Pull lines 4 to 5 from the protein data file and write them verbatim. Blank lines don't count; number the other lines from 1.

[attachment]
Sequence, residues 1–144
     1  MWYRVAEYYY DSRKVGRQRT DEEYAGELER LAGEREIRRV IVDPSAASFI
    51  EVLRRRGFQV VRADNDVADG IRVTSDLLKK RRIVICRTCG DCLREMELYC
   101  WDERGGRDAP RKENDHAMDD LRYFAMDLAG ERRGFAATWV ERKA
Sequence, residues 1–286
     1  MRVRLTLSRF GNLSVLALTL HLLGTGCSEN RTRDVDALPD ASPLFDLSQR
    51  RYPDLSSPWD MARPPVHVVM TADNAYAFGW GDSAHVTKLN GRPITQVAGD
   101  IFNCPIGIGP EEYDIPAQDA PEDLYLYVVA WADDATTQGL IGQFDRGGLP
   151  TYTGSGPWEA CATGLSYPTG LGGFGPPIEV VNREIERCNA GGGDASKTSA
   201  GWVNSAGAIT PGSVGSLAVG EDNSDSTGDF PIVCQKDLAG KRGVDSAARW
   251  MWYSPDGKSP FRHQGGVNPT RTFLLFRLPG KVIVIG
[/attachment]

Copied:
   101  WDERGGRDAP RKENDHAMDD LRYFAMDLAG ERRGFAATWV ERKA
Sequence, residues 1–286